By: Frank G. Shineman
Perhaps unknown to many, the Nation of Peru is a friendly nation for the consumption of drugs of different types. Some of the biggest reasons for this is their history and their geography. One caveat to all who plan a vacation to this supposed “Drug Paradise” is that the laws are very strict. In Peru, the excuse that “I didn’t know,” will not be accepted by the legal authorities. The moral of this story is, find out the rules about what and how much you can legally possess before you go.
A more controversial subject is that Peru is considering legalizing the production and consumption of Medical Marijuana that contains high levels of CBD.
As in many other poor countries, the need for affordable remedies has forced people to be creative in seeking solutions. The poverty in these nations keeps millions from being able to afford manmade drugs to provide relief for illnesses. Though readily available, these pharmaceuticals are affordable only to the wealthy. This nationwide dilemma came to a head in what was considered an ordinary drug raid.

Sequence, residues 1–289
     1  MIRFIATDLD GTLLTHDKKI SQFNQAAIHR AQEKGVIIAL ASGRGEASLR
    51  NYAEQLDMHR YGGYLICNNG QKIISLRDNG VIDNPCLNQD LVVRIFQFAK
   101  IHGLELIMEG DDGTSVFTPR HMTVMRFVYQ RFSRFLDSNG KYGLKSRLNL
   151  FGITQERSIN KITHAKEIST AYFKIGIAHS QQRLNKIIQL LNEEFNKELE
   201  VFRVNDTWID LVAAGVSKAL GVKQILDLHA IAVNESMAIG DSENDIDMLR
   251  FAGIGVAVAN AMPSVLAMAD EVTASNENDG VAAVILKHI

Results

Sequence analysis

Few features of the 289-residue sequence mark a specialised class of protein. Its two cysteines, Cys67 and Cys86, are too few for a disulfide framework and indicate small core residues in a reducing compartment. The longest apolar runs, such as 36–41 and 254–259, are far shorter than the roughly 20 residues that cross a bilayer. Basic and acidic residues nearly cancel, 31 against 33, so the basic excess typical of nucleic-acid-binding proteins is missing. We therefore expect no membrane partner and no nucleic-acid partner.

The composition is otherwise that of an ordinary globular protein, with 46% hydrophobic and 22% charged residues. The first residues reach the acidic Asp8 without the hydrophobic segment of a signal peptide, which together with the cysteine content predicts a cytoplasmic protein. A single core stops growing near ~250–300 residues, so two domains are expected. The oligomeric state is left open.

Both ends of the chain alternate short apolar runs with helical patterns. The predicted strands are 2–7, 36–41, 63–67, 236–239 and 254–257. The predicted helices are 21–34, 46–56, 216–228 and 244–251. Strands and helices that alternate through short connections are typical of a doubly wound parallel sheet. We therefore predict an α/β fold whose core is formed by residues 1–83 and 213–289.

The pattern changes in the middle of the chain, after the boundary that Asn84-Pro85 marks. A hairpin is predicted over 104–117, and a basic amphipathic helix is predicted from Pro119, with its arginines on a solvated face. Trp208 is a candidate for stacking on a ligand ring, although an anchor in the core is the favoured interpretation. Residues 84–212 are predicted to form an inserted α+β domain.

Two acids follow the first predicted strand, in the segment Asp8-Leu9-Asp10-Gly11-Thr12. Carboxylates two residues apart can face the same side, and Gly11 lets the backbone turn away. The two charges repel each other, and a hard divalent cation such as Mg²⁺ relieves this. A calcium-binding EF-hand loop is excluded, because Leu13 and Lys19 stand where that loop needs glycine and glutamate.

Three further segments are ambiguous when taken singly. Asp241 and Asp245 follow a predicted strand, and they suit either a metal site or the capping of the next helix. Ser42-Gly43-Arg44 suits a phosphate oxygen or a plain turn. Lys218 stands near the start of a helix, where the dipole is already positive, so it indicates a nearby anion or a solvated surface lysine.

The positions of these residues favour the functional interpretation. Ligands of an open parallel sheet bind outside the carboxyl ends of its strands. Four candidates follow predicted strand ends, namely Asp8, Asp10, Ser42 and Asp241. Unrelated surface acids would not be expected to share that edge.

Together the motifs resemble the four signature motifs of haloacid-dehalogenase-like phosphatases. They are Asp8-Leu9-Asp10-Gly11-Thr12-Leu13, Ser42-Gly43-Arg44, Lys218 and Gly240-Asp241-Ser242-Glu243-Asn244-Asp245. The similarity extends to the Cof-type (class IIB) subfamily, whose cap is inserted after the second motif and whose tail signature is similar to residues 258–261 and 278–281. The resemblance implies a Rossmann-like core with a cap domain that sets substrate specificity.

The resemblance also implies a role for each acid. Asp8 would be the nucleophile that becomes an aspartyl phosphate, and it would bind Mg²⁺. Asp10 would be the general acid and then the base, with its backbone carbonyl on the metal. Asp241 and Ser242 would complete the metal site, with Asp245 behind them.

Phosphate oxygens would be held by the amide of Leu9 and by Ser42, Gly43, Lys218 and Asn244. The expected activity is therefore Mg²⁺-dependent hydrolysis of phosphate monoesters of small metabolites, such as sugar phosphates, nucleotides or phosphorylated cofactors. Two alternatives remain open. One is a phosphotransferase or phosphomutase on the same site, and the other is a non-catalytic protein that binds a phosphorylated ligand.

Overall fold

There was a case where a woman was leading a group of 85 medical marijuana growers and consumers. As officials were able to determine through questioning, it wasn’t that these people were wanting to flaunt the laws. Rather, it was that so many of them had seriously ill family or close friends afflicted by many diseases. Their collective poverty demanded that they resort to this still illegal means of bringing health to their loved ones.
This nationwide dire situation eventually came to the attention of Peru’s President, Pedro Pablo Kuczynski. All reports indicating that President Kuczynski is a compassionate man, he determined to develop a plan to make Medical Marijuana legal. However, he faces an uphill battle in the next Parliament because Peru is ruled by a large majority of Ultraconservatives.
In President Kuczynski’s proposal, the trafficking and use of marijuana for purposes other than medical would remain illegal. If the proposal becomes law Peru would then join the countries of Colombia, Brazil, Chile, and Uruguay who have similar laws.